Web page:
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‘No choice’: Liberals look to cut off debate on budget bill in dying days of House sitting

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OTTAWA —
The federal government has announced it’ll be moving to limit further debate on the 2021 budget implementation bill, to try to pass it in the dying days of the spring House of Commons sitting, saying once again the Conservatives have left them “no choice.”

“Conservative Party delay tactics mean the core support programs for Canadian workers and small businesses will expire this month, just as we are all working so hard to reopen the economy. That is completely unacceptable,” Deputy Prime Minister and Finance Minister Chrystia Freeland said on Monday.

During a press conference, Freeland and Government House Leader Pablo Rodriguez outlined some key aspects of COVID-19 support including the wage and rent subsidy programs that would expire if the bill doesn’t pass in the coming days. They are now calling on the Bloc Quebecois, NDP, and Greens to back the Liberal minority in imposing time allocation, but it remains to be seen whether they’ll find a partner to advance their request.

The legislation, labelled Bill C-30, enacts several major budget 2021 commitments. It is currently at report stage in the House, and will need to pass that as well as third reading before it can be sent to the Senate.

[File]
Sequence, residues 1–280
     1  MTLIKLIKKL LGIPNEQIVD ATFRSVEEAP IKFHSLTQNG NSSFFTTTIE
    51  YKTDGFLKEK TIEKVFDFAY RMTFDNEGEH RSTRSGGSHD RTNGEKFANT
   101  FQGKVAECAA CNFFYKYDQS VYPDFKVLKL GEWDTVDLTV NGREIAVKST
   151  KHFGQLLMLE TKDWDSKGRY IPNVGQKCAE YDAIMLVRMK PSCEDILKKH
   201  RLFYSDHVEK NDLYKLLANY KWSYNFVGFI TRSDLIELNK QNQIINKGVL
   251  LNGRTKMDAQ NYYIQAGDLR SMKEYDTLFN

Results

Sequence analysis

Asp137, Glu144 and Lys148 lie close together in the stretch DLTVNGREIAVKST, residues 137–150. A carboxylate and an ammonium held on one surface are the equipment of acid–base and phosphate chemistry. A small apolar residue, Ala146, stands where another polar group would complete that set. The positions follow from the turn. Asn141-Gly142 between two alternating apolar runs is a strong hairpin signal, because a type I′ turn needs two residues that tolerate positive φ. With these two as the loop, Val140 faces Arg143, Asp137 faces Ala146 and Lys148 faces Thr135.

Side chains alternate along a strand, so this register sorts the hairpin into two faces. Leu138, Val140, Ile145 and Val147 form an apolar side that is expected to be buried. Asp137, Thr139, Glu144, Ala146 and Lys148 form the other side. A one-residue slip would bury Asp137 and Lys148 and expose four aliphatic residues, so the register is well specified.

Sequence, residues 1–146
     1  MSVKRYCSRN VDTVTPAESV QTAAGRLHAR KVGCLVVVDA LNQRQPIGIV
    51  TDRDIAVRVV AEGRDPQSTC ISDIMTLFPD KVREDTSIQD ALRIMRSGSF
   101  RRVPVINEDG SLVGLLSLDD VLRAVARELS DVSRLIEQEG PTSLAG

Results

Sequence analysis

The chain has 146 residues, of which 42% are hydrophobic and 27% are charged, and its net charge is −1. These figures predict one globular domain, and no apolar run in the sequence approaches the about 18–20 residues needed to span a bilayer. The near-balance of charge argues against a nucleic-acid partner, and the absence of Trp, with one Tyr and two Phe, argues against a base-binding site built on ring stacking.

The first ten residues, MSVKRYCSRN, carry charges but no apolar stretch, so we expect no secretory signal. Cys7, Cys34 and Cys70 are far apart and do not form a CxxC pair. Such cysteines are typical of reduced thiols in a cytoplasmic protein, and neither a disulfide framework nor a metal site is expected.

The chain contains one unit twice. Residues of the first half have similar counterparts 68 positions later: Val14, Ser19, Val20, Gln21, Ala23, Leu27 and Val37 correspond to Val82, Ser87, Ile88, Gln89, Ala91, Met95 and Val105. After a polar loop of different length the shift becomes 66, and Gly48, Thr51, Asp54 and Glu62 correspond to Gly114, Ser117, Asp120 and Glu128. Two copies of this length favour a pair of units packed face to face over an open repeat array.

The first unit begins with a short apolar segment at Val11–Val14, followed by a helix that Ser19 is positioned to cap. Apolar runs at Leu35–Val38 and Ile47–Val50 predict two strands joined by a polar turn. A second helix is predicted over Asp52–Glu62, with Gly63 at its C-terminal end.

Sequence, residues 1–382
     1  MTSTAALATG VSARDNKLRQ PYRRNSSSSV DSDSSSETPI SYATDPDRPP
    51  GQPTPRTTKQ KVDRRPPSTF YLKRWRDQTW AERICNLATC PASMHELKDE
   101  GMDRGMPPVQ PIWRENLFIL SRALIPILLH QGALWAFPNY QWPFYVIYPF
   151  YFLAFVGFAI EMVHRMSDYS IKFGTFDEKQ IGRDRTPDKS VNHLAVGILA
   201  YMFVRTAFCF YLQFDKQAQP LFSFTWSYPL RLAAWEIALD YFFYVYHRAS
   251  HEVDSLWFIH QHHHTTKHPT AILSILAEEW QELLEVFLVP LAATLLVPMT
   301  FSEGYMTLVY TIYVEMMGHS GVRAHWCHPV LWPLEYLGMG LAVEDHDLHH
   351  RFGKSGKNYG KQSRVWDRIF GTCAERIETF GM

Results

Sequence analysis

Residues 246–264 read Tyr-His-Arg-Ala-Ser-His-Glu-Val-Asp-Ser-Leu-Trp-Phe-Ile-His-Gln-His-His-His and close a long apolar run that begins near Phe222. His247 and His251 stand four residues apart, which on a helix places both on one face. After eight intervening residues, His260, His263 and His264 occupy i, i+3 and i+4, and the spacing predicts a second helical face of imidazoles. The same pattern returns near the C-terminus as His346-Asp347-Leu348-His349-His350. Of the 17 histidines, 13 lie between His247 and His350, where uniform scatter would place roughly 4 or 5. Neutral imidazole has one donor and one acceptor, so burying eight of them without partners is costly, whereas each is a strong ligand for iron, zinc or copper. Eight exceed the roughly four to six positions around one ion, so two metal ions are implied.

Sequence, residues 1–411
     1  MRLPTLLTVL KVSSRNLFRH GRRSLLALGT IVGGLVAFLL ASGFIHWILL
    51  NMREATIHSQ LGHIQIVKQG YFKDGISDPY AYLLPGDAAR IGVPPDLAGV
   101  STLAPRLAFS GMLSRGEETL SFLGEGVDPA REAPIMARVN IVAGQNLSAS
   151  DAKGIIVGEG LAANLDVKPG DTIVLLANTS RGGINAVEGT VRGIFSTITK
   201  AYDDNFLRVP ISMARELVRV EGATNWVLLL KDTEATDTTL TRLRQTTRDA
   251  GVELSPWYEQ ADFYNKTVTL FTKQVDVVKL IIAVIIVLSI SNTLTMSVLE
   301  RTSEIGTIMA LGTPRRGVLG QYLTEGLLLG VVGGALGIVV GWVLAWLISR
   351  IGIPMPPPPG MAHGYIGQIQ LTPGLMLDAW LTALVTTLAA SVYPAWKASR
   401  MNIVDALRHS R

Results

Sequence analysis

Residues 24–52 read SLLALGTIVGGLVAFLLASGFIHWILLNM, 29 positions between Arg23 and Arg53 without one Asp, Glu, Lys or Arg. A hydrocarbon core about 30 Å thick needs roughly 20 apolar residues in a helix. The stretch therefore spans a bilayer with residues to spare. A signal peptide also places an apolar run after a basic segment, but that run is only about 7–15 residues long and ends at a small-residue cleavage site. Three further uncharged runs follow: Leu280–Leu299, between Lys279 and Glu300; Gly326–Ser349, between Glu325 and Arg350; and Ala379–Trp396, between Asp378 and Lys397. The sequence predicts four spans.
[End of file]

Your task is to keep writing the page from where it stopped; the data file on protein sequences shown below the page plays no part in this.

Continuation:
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Tabled on April 30, a few weeks after the 2021 budget was presented, various committees in the Senate have been pre-studying aspects of the wide-ranging legislation for weeks, in anticipation of an end-of-sitting time-crunch.

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Last week, Rodriguez first signalled that the Liberals would be moving ahead with motions to cut off debate on key bills, accusing the Conservatives of trying to stall key legislation. The Official Opposition denied the allegation.

In the days following last week’s legislative tiff, the government has moved to restrict how much time MPs will spend debating certain key bills, while the Conservatives have taken the Chamber off scheduled agenda items to raise their ongoing concerns with the Liberals’ respect for Parliament, citing a refusal to comply with document production orders as one example.

After question period on Monday, MPs will be voting on a government request to extend the sitting hours over the remaining eight sitting days.

More coming.

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